Reiss also gives credit to Dillon, whose fine play yesterday was punctuated by a rumbling, tumbling 36-yard run that seemed to require the entire Miami defense to finally bring him down.
In The Woonsocket Call, Michael Parente reviews the game, and has well-deserved praise for Dillon, who has shed his bad-boy persona to become the trusted workhorse of the Patriots offense. "Conventional wisdom suggests that the players whoÃ¢??ve been here from the start can probably appreciate the New England PatriotsÃ¢?? win streak more than the newcomers, but itÃ¢??d be hard to find someone whoÃ¢??s enjoying this more than running back Corey Dillon," writes Parente.
Standard-Times correspondents Tim Weisberg and Jonathan Darling break the streak down in many interesting ways, including by injuries, and which color uniforms the team wore in its wins. Darling also praises the work the Patriots linemen did yesterday, on both sides of the ball.
Also in the Press Herald, Steve Solloway writes it is a quick acknowledgement of their history-making day, and then back to business for the Patriots. "But even Belichick recognizes what 19 straight wins represent. He let himself smile Sunday. He let himself hug his players and told them it was OK, finally, to talk about the streak," writes Solloway.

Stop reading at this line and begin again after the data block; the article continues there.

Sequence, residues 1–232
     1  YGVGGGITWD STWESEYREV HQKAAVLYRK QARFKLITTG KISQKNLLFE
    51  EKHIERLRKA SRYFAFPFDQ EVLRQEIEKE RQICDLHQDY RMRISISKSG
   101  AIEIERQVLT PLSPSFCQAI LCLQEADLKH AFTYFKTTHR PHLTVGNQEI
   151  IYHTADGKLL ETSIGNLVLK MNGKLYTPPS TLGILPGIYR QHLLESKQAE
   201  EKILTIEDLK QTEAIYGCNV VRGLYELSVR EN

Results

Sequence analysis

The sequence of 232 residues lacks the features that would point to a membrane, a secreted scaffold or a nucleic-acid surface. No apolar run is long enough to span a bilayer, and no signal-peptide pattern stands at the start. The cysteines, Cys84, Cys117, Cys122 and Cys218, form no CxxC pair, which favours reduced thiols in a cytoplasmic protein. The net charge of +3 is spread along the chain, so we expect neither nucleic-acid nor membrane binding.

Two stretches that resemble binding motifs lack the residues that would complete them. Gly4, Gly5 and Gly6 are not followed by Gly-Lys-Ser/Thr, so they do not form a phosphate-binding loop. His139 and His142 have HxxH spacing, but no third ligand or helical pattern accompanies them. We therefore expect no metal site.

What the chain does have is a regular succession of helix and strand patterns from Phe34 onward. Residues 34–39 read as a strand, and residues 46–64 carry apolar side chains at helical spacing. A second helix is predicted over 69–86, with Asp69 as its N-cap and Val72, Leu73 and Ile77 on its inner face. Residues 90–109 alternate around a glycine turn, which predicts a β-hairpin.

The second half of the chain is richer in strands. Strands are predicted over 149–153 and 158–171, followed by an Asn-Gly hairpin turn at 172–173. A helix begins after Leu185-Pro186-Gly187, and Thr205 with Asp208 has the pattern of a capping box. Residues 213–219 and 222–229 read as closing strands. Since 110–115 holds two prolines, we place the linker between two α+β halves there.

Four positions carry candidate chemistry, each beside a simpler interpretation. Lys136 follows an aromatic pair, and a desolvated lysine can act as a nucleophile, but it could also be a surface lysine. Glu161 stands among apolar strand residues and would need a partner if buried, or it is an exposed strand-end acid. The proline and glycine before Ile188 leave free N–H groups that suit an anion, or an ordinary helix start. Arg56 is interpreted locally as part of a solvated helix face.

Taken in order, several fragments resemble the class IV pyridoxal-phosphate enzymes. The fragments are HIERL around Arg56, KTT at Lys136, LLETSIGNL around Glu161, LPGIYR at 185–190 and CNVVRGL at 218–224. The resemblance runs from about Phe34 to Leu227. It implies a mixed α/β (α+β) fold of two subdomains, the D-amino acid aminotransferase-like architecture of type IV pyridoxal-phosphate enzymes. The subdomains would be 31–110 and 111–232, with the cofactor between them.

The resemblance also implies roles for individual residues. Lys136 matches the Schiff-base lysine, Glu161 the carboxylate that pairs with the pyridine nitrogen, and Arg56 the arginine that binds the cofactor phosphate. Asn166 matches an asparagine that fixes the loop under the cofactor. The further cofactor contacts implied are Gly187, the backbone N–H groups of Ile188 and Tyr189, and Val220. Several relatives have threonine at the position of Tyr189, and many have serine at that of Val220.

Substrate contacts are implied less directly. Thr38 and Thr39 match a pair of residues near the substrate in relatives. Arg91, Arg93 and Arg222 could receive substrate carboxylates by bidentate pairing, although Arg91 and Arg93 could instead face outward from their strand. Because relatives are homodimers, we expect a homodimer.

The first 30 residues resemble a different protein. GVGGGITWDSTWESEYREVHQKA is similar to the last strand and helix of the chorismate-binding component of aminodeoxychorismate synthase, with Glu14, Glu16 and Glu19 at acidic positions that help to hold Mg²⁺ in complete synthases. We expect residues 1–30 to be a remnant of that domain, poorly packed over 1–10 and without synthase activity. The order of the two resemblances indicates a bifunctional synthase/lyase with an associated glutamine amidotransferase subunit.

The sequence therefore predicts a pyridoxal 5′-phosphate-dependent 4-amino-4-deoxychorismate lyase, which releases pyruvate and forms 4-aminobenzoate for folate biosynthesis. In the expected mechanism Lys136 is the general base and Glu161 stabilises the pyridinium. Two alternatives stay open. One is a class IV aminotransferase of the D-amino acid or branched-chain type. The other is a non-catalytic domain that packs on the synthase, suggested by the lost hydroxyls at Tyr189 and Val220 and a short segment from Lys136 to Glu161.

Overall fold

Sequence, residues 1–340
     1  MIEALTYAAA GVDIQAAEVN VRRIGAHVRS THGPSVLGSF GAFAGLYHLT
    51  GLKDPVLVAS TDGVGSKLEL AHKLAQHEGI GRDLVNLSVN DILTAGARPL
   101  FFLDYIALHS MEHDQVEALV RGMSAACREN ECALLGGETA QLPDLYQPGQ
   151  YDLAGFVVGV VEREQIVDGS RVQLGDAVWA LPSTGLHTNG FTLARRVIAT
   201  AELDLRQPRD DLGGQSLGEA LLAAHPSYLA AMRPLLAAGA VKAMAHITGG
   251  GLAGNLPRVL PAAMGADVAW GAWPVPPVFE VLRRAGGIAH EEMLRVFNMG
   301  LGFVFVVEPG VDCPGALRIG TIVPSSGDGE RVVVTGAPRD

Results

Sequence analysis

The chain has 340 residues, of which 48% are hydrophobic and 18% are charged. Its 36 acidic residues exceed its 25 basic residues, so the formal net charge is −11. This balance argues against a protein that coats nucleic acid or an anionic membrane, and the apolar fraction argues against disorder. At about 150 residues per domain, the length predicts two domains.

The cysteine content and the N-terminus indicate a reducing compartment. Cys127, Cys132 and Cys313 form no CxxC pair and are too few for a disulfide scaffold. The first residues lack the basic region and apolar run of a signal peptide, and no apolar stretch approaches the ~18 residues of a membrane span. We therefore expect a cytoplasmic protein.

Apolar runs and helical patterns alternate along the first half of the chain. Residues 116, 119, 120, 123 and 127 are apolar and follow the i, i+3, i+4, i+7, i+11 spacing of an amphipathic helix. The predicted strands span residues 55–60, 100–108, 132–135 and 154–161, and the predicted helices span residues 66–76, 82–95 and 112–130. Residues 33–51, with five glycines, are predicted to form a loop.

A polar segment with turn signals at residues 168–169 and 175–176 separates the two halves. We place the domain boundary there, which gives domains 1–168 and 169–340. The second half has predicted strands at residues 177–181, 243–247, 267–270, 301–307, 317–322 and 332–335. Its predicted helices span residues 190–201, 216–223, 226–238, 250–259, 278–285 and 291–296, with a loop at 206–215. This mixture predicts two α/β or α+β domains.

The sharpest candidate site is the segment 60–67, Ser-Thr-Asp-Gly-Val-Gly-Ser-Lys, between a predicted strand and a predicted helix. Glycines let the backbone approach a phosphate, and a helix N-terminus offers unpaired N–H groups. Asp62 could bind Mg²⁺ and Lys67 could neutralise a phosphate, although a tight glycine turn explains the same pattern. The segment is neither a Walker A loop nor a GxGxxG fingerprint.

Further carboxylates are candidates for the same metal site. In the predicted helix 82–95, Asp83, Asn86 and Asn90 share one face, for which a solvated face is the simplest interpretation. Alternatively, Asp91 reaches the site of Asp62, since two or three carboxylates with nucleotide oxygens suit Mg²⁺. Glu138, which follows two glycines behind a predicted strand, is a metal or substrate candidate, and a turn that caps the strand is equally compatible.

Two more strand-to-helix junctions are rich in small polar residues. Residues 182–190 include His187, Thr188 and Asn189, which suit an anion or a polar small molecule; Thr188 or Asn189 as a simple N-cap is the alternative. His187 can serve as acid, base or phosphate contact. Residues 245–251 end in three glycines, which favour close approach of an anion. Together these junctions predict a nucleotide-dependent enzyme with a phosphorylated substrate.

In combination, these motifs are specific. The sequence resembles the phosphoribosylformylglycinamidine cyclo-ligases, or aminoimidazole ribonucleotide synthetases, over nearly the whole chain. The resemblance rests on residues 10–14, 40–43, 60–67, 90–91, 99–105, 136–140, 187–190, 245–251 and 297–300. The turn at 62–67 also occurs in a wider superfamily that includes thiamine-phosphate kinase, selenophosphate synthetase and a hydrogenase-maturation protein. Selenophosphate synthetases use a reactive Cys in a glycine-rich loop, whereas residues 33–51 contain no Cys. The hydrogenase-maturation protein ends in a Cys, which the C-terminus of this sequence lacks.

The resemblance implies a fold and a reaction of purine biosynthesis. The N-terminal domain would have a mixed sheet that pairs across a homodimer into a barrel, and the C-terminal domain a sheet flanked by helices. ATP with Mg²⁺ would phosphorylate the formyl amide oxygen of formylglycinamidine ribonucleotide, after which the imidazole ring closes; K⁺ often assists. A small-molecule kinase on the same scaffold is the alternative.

In his notebook, Ian Clark of The Union Leader hands out MVP honors, and checks in on Graham's personal streak.
Tom Pedulla of USA Today notes the remarkable month October has become for Boston sports fans. "For New England sports fans, this will always be an unforgettable October. The New England Patriots set an NFL record Sunday by rolling to their 19th consecutive victory, 24-10 against the winless Miami Dolphins," writes Pedulla. "It came two days before the region's beloved Boston Red Sox resume an 86-year quest for a World Series championship with another best-of-seven American League showdown against the hated New York Yankees."
In another nod to New England's current place at the forefront of the sports world, consider this week's installment of ESPN's Chris Berman's famed top-ten plays of the week. Number two: David Ortiz' game-winning, extra-inning home run last Friday night that sent the Red Sox into the ALCS. Number one: The Patriots 19th consecutive victory, yesterday at Gillette Stadium. Indeed, it is a good time to be a sports fan in New England.